Molecular strategies for configurational sulfur doping of group IV semiconductors grown on Si(100) using S(MH3)2 (M = Si,Ge) delivery sources: An experimental and theoretical inquiry

John Kouvetakis, R. Favaro, G. J. Grzybowski, C. Senaratne, Jose Menendez, Andrew Chizmeshya

Research output: Contribution to journalArticlepeer-review

3 Scopus citations


We report a new doping protocol of pure Ge films grown on Si and related Si/Sn materials based on S delivered from high reactivity hydride molecules S(MH3)2 (M = Si,Ge). The new doping strategy targets next generation semiconductor applications requiring enhanced IR optical performance as well as high-mobility field effect transistors fully integrated with silicon. To explore this paradigm, we first developed a practical and straightforward synthesis approach, which avoids the use of toxic starting materials and yields viable quantities of the title compounds. These were then used to carry out proof-of-concept low-temperature depositions of Ge/Si(100) and GeSn/Si(100) films, doped with "double donor" S atoms for the first time. These systems are characterized using standard materials science techniques via RBS, XTEM, SIMS, and XRD for structure, composition, and crystallinity, and their electrical properties are measured by the Hall method. Thermally robust dopant levels <1018 are systematically obtained using a range of process protocols, which can be further optimized for practical applications. Complementary first-principles density functional theory simulations were then used to study the stability and strain associated with the incorporation of S within the parent lattice as molecular fragments such as Ge-S-Ge, Ge-S, Si-S-Si, and Si-S derived from the S(SiH3)2 and S(GeH 3)2 molecular sources. Completely incorporated Ge-S-Ge or Ge-S units in Ge in which S resides in either substitutional (tetrahedral) or near-substitutional (3-coordinate) sites are predicted to be strongly bound (-2.36 eV and -1.49 eV, respectively) relative to interstitial S and isolated Ge vacancies, while the corresponding binding in Si-S-Si and Si-S analogs is slightly enhanced. By considering the induced lattice strain, binding energy, and the structural accommodation of molecular core bonds, plausible defect-clusters are identified and tentatively used to correlate sulfur concentrations and carrier concentrations trends. In the case of the S(GeH 3)2 grown films, a mixture of deep and shallow donor centers must be invoked to account for the observed carrier concentration enhancement.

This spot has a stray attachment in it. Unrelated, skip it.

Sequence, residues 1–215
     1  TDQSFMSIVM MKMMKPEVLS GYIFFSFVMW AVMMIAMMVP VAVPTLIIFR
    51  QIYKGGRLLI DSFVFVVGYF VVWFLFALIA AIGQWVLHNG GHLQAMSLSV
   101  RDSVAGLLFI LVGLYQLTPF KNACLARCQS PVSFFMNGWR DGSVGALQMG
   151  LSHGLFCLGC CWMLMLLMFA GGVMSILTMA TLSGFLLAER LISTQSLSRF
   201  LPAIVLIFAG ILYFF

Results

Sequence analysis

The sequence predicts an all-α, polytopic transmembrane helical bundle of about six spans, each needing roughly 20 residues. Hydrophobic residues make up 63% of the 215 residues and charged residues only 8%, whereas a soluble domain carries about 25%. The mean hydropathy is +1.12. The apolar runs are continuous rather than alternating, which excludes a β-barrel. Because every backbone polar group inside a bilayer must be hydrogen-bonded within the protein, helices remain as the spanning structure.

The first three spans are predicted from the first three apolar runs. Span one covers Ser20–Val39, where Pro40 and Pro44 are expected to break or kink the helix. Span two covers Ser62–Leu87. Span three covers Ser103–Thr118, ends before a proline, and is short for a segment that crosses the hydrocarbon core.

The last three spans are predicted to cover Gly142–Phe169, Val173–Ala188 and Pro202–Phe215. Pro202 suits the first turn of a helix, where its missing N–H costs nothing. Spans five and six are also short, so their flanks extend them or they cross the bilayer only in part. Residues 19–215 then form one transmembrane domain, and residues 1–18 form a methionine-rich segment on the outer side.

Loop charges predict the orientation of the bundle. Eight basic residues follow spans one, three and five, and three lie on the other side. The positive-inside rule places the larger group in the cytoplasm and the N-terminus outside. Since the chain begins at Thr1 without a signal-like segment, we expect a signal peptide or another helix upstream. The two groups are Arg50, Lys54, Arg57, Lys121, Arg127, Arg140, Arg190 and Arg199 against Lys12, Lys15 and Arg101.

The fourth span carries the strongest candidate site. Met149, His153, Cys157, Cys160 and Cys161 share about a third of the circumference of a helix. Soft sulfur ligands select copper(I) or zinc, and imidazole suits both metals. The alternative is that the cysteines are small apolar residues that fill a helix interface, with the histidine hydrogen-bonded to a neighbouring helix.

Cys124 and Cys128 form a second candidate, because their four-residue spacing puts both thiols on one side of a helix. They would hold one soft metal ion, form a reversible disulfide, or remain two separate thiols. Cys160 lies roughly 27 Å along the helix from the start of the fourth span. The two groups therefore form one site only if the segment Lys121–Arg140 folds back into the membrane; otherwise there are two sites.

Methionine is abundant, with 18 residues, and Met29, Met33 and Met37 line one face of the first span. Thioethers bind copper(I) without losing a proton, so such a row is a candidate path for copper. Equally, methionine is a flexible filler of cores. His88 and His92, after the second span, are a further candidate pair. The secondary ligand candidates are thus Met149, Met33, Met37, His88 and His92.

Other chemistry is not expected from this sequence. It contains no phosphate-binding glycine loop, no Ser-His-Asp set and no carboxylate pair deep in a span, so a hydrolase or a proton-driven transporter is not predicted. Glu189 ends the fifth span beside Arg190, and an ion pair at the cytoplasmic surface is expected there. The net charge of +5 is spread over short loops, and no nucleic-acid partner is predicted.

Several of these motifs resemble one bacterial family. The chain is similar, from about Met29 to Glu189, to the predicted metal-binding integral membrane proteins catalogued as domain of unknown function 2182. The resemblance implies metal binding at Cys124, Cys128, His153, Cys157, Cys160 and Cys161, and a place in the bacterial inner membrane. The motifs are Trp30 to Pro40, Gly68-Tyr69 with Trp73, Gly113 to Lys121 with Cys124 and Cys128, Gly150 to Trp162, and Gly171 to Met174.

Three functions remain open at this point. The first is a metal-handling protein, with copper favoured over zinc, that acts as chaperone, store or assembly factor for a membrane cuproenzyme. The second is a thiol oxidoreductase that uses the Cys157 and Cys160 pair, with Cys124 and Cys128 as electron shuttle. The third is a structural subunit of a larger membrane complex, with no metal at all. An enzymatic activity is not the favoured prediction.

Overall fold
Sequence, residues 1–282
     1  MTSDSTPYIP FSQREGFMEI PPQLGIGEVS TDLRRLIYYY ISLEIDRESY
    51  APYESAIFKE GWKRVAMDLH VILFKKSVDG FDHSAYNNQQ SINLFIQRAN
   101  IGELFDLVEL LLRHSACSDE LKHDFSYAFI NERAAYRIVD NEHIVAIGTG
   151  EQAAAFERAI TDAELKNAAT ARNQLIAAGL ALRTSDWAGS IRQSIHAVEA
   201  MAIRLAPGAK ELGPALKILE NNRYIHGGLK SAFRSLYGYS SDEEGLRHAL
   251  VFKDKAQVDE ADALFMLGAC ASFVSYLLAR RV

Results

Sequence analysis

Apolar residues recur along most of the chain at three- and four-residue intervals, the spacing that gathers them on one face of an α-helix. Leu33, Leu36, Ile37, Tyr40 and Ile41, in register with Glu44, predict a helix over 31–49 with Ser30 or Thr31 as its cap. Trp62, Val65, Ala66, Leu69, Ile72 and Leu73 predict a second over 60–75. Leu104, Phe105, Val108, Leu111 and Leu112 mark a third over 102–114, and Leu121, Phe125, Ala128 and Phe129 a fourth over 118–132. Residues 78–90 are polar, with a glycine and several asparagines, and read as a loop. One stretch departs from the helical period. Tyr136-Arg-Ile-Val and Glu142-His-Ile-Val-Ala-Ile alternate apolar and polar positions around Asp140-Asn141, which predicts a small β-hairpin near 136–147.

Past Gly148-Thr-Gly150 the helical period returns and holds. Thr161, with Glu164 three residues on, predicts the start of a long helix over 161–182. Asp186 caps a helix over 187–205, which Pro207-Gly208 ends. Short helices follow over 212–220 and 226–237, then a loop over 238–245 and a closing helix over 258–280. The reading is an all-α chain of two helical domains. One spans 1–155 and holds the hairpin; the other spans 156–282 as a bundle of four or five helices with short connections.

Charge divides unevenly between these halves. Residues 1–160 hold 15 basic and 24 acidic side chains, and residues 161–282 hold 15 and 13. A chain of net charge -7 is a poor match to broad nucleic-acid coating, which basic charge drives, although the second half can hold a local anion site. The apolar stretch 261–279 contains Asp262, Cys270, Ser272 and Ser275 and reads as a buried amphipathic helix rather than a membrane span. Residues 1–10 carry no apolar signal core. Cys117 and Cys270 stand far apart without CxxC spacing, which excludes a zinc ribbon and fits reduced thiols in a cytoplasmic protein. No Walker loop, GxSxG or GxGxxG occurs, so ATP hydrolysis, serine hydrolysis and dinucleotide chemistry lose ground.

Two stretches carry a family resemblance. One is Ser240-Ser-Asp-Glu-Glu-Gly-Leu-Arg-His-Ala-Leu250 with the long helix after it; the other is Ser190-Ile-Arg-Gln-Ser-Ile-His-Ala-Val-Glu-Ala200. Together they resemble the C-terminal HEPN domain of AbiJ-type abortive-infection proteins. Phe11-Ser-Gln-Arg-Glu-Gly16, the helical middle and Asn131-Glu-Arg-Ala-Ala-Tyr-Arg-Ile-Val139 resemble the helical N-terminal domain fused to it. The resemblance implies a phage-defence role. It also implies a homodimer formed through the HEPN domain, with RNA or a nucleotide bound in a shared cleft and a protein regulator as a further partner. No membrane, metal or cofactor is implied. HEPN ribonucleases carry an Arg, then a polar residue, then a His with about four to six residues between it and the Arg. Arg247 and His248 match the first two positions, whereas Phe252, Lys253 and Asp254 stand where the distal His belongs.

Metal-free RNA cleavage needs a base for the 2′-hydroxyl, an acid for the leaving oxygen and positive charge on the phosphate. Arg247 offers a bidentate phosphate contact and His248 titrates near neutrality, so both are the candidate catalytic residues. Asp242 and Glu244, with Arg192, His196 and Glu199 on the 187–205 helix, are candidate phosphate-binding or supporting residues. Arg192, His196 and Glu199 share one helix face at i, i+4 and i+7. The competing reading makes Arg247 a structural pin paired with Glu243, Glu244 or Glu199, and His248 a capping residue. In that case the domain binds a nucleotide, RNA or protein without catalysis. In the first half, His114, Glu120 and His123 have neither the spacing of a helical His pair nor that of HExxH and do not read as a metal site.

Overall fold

Original languageEnglish (US)
Pages (from-to)4447-4458
Number of pages12
JournalChemistry of Materials
Issue number15
StatePublished - Aug 12 2014

ASJC Scopus subject areas

  • Chemistry(all)
  • Chemical Engineering(all)
  • Materials Chemistry


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